The unemployment rate in Nigeria is increasing geometrically with population increase. But the availability of the jobs seems to be ‘decreasing’ by the day. Unconfirmed statistics has it that thousands of graduates go through the mandatory NYSC scheme on a yearly basis without hope of getting a job after the scheme. However, employers of labour and recruiters have a completely different opinion on this trend. They are of the view that Nigerian fresh graduates are unemployable!
Employers are hiring everyday but they complain that there is scarcity of quality talents in the labour market, that’s what we call ‘the War for Talent’ in human resources (‘The War for Talents’ is a term coined by Steven Hankin of McKinsey Company in 1997). So, which is a bigger problem – unemployment or unemployability?
The above question was the very first question I was asked by the @TFESSAfrica team during the twitter chat held in the month of March 2013. I gave an answer that unemployability was a bigger problem than unemployment but my answer generated more questions and I decided to write this piece to clear the air.
To fully understand my point of view on the subject of unemployment and unemployability, we would need to explore the definitions of the terms for ease of understanding.
According to Wikipedia, Unemployment (or joblessness) occurs when people are without work and actively seeking work. Economist established that there are different types of unemployment, among which are structural, frictional, cyclical, seasonal, classical etc.
The most prevalent type of unemployment among Nigerian fresh graduates is the Structural unemployment! Structural unemployment occurs when a labour market is unable to provide jobs for everyone who wants one because there is a mismatch between the skills of the unemployed workers and the skills needed for the available jobs.
Unemployability is a human resources cum business term derived from the word ‘unemployable’. To be unemployable means inability to find or unfit to get a job. It could also mean being unsuitable for employment or being unable to keep a job. It suffices to say that the jobs are available but job seekers are not able to fill it.
From my experience as a recruiter, it would not be out of place to say that fresh graduates unsuitability for available entry level jobs is worrisome. Yes, we are sure waiting for a ‘job creation miracle’ in Nigeria where there would be more than enough jobs to go round for every graduate. But while we wait, every graduate must take charge of their employability in the following three areas and not blame the government or society for its lack.
#1 – Skills deficit: majority of Nigerian graduates lack the basic composite skills and personal attributes that give them the capacity to function adequately in the world of work. These skills include but are not restricted to basic ICT skills, presentation/communication skills, the capacity for initiative, ability to connect the dots of their course of study and business demands to mention a few. It still baffles me that some graduates cannot operate computers but they have the best of smart phones, some others cannot write a simple letter without typos or abbreviations. The BBM chats are doing us more harm than good. Wake up; get to work on the skills deficit. If our educational system has failed us, most we fail ourselves?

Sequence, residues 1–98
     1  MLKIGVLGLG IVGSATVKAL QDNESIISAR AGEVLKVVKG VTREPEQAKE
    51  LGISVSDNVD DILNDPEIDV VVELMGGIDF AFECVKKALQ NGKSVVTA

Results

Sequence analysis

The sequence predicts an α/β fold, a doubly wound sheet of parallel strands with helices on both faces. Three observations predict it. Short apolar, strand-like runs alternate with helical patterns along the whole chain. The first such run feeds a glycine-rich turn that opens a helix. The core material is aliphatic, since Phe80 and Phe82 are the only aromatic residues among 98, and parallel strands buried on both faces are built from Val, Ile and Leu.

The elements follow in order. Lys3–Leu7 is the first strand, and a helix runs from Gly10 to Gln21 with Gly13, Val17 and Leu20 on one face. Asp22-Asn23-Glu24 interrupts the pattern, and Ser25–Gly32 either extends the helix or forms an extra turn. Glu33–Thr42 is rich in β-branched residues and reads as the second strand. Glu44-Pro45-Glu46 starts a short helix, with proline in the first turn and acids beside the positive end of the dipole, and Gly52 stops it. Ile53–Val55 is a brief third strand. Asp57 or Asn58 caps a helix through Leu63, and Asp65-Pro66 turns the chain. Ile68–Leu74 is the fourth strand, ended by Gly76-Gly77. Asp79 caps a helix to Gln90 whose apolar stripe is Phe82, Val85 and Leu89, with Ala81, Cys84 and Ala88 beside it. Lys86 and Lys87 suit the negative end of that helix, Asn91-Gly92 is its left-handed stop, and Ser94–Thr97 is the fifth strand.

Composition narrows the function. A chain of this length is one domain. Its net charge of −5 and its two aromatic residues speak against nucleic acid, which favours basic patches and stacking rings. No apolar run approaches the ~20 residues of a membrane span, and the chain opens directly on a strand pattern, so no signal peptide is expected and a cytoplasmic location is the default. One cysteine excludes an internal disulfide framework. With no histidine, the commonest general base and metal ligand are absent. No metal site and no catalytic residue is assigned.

Taking charge of your learning is a part of taking charge of your life, which is the sine qua non in becoming an integrated person – Warren G. Bennis
#2 – Course of Study and Business Demands Disparity: Dr Oby Ezekwesili said recently at an Abuja event that the reason why most graduates in the country remain unemployed is ‘because majority of them study courses that are in low demand in the labour market.’ This answers the question of ‘why do employers often turn down applicants?’ Because of lack of competence, simple! I quite agree with her greatly; in the bid for most of us to get into a tertiary institution of learning, many settle for courses that has little demands in the market place. What is the way out, you would ask? Get a professional certification in another field. I know a few chartered accountants that didn’t study accountancy but currently work as such with their ICAN certification. What are you still waiting for, go ahead and add value to that degree of yours and recreate your career story.
#3 – Sense of Entitlement: the other funny trend among Nigerian graduates is the belief that they deserve to get a job with a ‘fat salary’, one with all the perks of office. So when a job without such comes their way, they walk away. They go about thinking they must be given a chance to prove themselves without any prior extra-curricular activities to lean on as evidence. They go around with a false value on their degree. They fail to understand that employers of labour are looking for value creators not salary earners! What value can you add to your potential employer? How far can you go to acquire additional value to yourself?
It is not out of place to say that you are to develop yourself and be committed to continuous improvement. Please, you do not have to tell employers you would add value to them, you demonstrate value!
So I ask again, are fresh graduates unemployed or unemployable?
Till next time, we are all work in progress…